I love Ken and love the blog, but the "diversity" comment was not only offensive but factually untrue. Sitcoms aren't getting greenlit because networks are filling diversity quotas and passing over more qualified whites.

Utterly untrue and unfair to writers of color.

-White Writer

Johnny Walker said...

I was going to say the same thing. I know it's only a joke, and Ken is obviously aware of the real life problems, but nobody should be seriously thinking that being a white male is somehow more of a hindrance than being anything else. It's still very much a white male world.

There are genuinely people who hold these views, and are probably wondering why their spec "It's Tough Being White" hasn't been picked up yet.

DrBOP said...

Off-Topic-Kid, talking about the best of awwwll-time shortest jokes. As MANY comedians have said, it's tough to beat Henny Youngman's old stand-by, "Take my wife.....please." Well, Mel Brooks did it last night at Radio City Music Hall.
Mel was asked "Boxers or Briefs?", answer was....


And check this SplitSider site out.....very current, funny, fresh, etc.
Their daily newsletter has AT LEAST one killer article EVERY day.....often 4 out of 6 articles will put a smile....on the dial!

MikeN said...

Joe, I have also on some computers not had to pass a capcha. I never login to anything, just use name.

I have also had lots of problems with the system, but I've never had to take again when I was certain I got it right.
The ones with the pictures that keep showing up- they never say you got something wrong. They just put a check mark and put up a new picture.
I failed one because it said click the street signs, and there were none. I was supposed to click skip, but clicked on part of the picture.

Jeff :) said...

I've read many times on your blog about how the major networks executives have strict control over their shows (having to approve outlines, providing irritating notes, etc). The result being stifled creativity, cliched storytelling and often poor ratings. Meanwhile many cable shows have much more freedom and the results are seemingly speaking for themselves (13 out of the 14 shows nominated in the best drama and best comedy categories in this year's Emmy's are cable shows). So my question is, why would the networks continue their current practices? To use a baseball analogy, if you saw another player hitting home runs and you were constantly striking out, wouldn't you want to emulate the home run hitter?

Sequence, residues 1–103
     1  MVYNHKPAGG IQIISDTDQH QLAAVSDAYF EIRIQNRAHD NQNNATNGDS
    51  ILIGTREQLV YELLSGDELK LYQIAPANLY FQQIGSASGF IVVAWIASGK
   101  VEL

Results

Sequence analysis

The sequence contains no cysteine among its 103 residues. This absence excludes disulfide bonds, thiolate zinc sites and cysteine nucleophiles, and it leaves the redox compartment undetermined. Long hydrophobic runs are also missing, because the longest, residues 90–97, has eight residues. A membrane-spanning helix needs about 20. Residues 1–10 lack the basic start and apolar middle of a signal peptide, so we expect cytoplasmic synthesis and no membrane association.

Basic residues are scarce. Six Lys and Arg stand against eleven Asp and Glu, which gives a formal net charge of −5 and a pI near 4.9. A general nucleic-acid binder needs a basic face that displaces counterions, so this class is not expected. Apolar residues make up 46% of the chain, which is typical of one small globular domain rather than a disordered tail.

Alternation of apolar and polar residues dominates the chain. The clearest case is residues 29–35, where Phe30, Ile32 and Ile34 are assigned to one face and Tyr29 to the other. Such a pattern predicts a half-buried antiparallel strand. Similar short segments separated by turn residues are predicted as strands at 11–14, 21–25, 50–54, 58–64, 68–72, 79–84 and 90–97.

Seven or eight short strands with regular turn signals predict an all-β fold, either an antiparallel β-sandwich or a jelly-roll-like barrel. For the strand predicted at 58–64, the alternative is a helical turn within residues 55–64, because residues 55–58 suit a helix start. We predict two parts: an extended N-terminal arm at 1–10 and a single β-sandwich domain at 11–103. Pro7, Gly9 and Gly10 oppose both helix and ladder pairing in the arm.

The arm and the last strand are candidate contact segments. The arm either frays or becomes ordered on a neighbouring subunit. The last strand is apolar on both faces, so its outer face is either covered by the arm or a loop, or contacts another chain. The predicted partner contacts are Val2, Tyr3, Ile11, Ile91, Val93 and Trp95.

Jay said...

@DrBOP: That joke goes back to at least 2008, when Kerry used it about McCain. And Kerry's spokespeople claimed that he was merely repeating a joke that was already old. (Source here.)

Eric Lyden said...

I'm watching CHEERS on Netflix and I'm towards the end of season 3. Coach missed a few episodes and I was thinking that maybe we had seen the last of him, but then he shows up in the episode where Diane leaves for Europe where he and Diane have a poignant scene where Diane asks Coach to "just watch over" Sam. Was this intentional knowing that he was ill and unlikely to return for season 4 in any case or was it just dumb luck that it was so retroactively poignant? And why did he return for this episode after missing 3 or 4? Was it taped out of sequence for some reason?

Andy Rose said...

@Jeff: For one thing, the FCC regulates content on broadcast networks, and it doesn't on cable networks. The FCC's interpretation of its own rules and laws is unpredictable and ever changing. Even if you ultimately prevail, fighting a challenge to the FCC can be expensive.

Also, broadcasters are much more beholden to advertisers's whims. Broadcast networks get nearly 100% of their revenue from advertising. For basic cable networks, it's more like 50%. For premium cable networks, it's 0%.

Finally, cable networks are distributed almost directly to consumers. Broadcasters have to go through local TV stations that have their own advertisers and community standards. Networks need to get as close to full carriage as possible for a show to be viable. So they have to take into account the mores of the most conservative parts of the country.

Jerod Butt said...

That's what I was hoping they would do. Netflix already sort dipped its toe in the water. I never saw FULL HOUSE (or at least have no memeory of seeing it), and the pilot for FULLER HOUSE definitely left me with a sense that it was full of something. It would have been better if they had truncated the pilot and started right into the story. Not much better, but better.

MOM is the show I want to see more of. I love HOT IN CLEVELAND.

David Peterson said...

Friday question: It's the 50th anniversary of Star Trek this year. In 1996 it was the 30th anniversary, and this happened:

How did this come about? Who wrote it? And why isn't Kelsey there?

Larry Commons said...

Friday question:
You said on your blog the first season of "Cheers" is the best season. I think so too, and as I re-watch it now I'm struck by how professionally done it is, especially compared to most other sitcoms from 1982 (think: cheap videotape). Why do you say it's the best season? And were the ratings really as poor as we've heard?